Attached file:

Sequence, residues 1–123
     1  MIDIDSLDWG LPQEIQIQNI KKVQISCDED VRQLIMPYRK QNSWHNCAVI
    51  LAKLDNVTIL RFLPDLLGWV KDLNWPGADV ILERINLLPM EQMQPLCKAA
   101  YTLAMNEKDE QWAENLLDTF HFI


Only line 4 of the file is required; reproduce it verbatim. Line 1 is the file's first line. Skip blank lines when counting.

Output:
   101  YTLAMNEKDE QWAENLLDTF HFI